Series: Goddess in the Machine #1
Genres: Science Fiction, Young Adult
Format: ARC, 385 pages
When Andra wakes up, she’s drowning.
Not only that, but she’s in a hot, dirty cave, it’s the year 3102, and everyone keeps calling her Goddess. When Andra went into a cryonic sleep for a trip across the galaxy, she expected to wake up in a hundred years, not a thousand. Worst of all, the rest of the colonists–including her family and friends–are dead. They died centuries ago, and for some reason, their descendants think Andra’s a deity. She knows she’s nothing special, but she’ll play along if it means she can figure out why she was left in stasis and how to get back to Earth.
Zhade, the exiled bastard prince of Eerensed, has other plans. Four years ago, the sleeping Goddess’s glass coffin disappeared from the palace, and Zhade devoted himself to finding it. Now he’s hoping the Goddess will be the key to taking his rightful place on the throne–if he can get her to play her part, that is. Because if his people realize she doesn’t actually have the power to save their dying planet, they’ll kill her.
With a vicious monarch on the throne and a city tearing apart at the seams, Zhade and Andra might never be able to unlock the mystery of her fate, let alone find a way to unseat the king, especially since Zhade hasn’t exactly been forthcoming with Andra. And a thousand years from home, is there any way of knowing that Earth is better than the planet she’s woken to?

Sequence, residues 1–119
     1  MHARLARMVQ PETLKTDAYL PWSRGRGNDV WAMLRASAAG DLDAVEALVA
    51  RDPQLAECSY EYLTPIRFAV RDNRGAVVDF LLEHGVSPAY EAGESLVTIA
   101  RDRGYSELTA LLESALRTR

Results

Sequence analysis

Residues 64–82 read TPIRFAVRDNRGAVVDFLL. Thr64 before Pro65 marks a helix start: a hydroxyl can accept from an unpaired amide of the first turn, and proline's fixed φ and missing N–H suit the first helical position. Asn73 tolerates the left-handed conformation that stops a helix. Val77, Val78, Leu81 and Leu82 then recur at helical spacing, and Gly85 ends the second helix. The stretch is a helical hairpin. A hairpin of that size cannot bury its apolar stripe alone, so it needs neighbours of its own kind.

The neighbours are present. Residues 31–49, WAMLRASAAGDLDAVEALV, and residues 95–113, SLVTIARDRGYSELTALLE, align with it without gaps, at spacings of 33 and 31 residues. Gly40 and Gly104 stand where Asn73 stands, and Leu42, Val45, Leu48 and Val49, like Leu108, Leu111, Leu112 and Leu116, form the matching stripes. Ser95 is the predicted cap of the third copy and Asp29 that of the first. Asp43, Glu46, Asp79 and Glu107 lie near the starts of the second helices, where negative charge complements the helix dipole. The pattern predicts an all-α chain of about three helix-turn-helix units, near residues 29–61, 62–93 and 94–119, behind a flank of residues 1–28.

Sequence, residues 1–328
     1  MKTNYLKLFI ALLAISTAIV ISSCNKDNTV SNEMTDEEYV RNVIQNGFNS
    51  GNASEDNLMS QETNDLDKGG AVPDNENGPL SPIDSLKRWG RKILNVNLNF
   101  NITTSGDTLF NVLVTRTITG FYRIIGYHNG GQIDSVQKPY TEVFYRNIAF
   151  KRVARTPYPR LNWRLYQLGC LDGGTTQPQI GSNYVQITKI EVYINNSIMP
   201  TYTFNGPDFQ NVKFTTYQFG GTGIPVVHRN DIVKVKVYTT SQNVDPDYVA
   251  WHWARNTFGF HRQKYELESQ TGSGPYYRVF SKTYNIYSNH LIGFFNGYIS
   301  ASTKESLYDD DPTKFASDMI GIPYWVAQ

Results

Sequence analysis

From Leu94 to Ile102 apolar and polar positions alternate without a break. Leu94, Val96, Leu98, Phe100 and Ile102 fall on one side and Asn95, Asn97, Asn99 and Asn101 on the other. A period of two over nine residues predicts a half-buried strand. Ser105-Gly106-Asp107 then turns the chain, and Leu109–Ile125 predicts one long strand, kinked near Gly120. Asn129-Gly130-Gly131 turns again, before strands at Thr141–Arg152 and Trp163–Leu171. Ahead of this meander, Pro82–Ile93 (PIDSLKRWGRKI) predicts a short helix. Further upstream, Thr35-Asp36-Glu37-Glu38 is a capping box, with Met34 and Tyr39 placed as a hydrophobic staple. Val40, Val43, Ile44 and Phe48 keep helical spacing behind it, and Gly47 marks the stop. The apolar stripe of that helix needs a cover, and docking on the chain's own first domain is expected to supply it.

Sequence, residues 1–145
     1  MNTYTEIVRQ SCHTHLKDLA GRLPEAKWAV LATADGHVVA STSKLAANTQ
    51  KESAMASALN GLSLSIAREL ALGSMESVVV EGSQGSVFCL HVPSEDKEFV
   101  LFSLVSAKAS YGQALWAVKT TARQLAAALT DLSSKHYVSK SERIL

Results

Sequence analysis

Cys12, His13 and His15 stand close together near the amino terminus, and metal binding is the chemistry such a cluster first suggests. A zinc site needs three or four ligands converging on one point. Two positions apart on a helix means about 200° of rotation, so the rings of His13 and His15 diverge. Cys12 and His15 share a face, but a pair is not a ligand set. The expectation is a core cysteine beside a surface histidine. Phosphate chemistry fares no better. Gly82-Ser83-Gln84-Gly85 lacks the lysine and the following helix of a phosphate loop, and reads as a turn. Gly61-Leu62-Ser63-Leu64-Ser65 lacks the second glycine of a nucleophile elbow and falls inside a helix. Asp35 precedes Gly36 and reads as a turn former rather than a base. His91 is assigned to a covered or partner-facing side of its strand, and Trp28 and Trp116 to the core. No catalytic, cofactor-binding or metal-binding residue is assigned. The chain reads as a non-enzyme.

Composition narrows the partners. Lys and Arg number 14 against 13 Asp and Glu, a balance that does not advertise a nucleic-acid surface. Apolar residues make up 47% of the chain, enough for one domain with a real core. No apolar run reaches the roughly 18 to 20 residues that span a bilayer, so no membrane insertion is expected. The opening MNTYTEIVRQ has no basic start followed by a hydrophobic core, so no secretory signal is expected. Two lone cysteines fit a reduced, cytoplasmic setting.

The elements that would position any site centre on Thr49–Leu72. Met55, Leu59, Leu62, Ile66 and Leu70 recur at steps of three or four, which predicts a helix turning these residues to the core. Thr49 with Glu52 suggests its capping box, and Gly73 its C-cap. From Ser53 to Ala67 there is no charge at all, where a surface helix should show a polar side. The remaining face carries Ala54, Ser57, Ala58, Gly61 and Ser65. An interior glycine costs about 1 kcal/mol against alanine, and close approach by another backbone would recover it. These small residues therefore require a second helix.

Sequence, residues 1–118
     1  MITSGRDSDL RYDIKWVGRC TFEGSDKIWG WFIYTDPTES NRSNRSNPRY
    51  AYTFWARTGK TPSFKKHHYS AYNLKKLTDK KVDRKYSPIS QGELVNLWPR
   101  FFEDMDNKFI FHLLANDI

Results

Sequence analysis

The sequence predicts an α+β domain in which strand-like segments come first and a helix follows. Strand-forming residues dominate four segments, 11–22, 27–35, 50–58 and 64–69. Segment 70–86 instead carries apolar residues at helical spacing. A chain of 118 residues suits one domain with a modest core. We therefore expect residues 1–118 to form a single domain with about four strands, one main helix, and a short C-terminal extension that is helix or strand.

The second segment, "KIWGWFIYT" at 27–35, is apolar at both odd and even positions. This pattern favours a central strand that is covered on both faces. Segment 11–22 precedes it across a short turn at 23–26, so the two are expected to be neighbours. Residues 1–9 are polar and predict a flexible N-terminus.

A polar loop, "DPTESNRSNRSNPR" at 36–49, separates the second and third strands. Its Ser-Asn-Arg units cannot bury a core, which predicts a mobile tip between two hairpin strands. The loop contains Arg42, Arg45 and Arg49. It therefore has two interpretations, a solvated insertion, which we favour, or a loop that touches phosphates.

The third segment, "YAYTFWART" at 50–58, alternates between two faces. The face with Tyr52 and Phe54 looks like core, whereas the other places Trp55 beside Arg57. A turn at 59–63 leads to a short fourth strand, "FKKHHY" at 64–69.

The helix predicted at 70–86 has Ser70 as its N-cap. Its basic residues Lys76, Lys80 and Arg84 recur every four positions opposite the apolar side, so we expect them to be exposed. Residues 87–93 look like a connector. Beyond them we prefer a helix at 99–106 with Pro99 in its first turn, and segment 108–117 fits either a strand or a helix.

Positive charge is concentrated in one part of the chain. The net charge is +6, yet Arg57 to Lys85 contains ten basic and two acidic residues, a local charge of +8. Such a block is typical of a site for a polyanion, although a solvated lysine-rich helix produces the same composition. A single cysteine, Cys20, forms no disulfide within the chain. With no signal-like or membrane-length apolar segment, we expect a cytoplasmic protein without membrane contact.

In the beginning, I was totally hooked. It felt a lot like Aurora Rising: girl wakes up hundreds of years – or in this case, a thousand years – late from cryosleep and everyone she knew is dead and the future is cray. Girl out of time! The girl’s name is even similar – Andromeda (Aurora), or Andra (Auri) for short – maybe not the best decision? But that’s where the similarities to Aurora Rising – as well as my enjoyment – ended. It got off to a strong start, it really did. When I read the first chapter I was sure this would be a 5 star book for me.
Then Andra met Zhade. And it all went downhill from there. To be honest, this book felt like a giant mashup of other stories. Aurora Rising was the most obvious, but also it reminded me of Futureman in certain scenes (especially the lack of technology in the NAG from season 2), Breathe by Sarah Crossan (the dome), and several other dystopian concepts I’ve read before. The only thing truly original about it was the language, and sadly that’s the thing I hated the most.
I think maybe I would have enjoyed this a lot more if the language, and the frustration it caused, hadn’t utterly ruined this book for me. At first, I tried to suspend belief – it is, after all, a thousand years in the future, and who knows how much things will change in such a large span of time? But the more I read, the more it irritated me. After a thousand years of evolution, you want me to believe that we’ve devolved this much? Technology is seen as magic, and a kind of religion, and AI are referred to as angels. People who wake from cryosleep are seen as deities. They’re basically living in a new dark age and seem completely uncultured and uneducated. Sure, it’s possible – assuming something extreme happens and we lose touch with technology – but without a believable backstory (which we don’t get, I have no idea how this world came to be because there’s little to no history) it just seems farfetched.